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97% of water in Gaza is polluted

A Palestinian boy drinks water from public pipes in the Gaza Strip [Eyad Al Baba/Apaimages]

Water experts have agreed that the Gaza Strip will soon have no safe drinking water given that 97 per cent of water is polluted, which has caused concerns over the spread of dangerous diseases.

This came during a survey conducted by the Palestinian News Agency Wafa conducted on the eve of World Water Day, which falls on 22 March each year.

Al Mezan Centre for Human Rights has reported that pollution in the Gaza Strip has increased because sea water pollution rates have hit 73 per cent. The number of diarrhoea cases among children under the age of three (80 per cent) is indicative that fresh water has become contaminated and unsafe for drinking.

Deputy Head of the Palestinian Water Authority, Rebhi Al-Sheikh, explained that water pollution in the Gaza Strip is mainly due to the increasing level of salt and nitrate that has a negative effect on health, especially on children and pregnant women because it can result in kidney and urinary tract diseases.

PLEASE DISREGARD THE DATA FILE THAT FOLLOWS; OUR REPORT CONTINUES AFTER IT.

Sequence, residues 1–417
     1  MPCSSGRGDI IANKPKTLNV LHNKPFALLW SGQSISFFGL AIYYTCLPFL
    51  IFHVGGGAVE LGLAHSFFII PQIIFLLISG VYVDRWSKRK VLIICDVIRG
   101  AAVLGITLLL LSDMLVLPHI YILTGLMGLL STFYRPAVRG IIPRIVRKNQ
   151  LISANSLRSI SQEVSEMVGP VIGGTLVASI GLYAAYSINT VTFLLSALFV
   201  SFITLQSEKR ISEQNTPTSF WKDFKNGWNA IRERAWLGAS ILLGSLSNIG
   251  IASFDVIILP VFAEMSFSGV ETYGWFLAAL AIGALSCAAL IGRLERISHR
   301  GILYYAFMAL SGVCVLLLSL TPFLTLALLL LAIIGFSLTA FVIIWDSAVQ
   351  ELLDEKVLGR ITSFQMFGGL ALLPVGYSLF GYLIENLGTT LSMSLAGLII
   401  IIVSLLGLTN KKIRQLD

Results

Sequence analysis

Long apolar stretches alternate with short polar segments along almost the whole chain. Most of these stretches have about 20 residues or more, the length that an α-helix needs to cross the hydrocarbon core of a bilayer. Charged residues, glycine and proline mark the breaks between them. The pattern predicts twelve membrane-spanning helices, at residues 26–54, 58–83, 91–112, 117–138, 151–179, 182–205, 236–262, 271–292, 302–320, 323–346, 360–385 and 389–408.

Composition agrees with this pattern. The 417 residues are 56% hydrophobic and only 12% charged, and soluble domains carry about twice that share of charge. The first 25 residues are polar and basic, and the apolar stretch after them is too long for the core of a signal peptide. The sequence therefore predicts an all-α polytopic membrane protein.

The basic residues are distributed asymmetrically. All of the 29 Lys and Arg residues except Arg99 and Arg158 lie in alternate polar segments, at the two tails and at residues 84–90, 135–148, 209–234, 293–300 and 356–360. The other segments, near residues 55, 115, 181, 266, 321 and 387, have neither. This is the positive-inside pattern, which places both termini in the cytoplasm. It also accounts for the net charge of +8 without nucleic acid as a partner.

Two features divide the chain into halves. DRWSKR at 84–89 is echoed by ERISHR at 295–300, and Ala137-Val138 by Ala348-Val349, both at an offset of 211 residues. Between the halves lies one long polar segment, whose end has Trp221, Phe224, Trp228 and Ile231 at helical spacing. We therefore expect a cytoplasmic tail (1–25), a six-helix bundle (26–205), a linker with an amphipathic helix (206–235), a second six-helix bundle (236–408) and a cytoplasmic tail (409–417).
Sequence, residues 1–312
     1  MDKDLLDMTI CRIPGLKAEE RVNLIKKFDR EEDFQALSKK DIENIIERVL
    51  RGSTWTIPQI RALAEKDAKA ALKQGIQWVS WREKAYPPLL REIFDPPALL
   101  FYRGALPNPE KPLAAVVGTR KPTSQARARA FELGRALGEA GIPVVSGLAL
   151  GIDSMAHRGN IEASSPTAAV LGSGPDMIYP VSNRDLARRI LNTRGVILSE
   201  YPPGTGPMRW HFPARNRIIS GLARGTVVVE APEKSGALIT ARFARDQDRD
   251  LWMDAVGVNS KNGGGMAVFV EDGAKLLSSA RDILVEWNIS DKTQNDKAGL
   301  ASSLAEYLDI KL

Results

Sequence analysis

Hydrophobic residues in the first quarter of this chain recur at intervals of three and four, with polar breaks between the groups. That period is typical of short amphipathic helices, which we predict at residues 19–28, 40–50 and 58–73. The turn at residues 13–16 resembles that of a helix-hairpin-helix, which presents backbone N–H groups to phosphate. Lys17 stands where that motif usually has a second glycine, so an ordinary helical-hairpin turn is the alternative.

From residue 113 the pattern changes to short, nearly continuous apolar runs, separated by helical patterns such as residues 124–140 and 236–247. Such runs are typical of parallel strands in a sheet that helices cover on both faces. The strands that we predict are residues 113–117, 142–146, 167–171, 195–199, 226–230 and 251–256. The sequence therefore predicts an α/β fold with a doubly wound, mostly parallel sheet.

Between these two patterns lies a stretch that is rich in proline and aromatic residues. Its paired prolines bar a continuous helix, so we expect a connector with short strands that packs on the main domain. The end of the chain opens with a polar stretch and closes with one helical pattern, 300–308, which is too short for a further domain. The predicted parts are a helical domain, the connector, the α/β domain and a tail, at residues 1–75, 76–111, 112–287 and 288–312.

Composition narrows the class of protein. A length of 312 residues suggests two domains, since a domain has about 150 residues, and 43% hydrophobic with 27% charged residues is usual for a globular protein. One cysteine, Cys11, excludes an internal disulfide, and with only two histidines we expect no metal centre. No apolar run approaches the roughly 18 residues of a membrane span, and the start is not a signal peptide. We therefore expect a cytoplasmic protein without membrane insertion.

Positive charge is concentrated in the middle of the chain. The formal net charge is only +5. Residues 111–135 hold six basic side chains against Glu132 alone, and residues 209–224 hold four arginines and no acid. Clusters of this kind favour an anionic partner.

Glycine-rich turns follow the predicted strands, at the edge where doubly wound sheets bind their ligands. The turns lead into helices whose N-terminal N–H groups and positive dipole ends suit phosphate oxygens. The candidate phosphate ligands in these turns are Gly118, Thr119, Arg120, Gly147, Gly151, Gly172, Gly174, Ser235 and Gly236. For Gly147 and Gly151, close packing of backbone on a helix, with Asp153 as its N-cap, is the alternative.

According to edition number 178 of UNRWA, “Since the imposition of the blockade on Gaza in 2007, Gaza has also suffered from a water crisis”. In 2016, Time magazine wrote an article on the water crisis entitled “A ticking global health time bomb”. With no continuous water flows and little rainwater, Gaza almost entirely relies on groundwater.

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Groundwater is being contaminated by nitrates from uncontrolled sewage and from the fertilisers used on farms. It is estimated that 96 per cent of groundwater is unsafe for drinking without treatment. Therefore, there is a very limited amount of drinking water for most Palestinians in Gaza.

In 2012 the UN already warned that approximately 90,000 cubic metres of untreated or partially treated sewage is being disposed of in the Mediterranean Sea and the neighbouring environment per day (about 33 million cubic meters per year).

Director General of Coastal Municipalities Water Utility (CMWU), Munther Issa Shablaq, said that the proportion of salt nitrate in Gaza’s water ranges from 120 to 150 milligrams per litre, while the global recommended proportion should not exceed 50 milligrams per litre. He stressed that 97 per cent of water in the Gaza Strip is not safe for domestic use.

He believes that the problem can be solved by stopping the pumping of water from the groundwater tank, the provision of other sources of water, implementing desalination projects, wastewater reuse, collecting rain water and importing water. In doing this the groundwater tank will be rehabilitated, reconstructed, and recovered.

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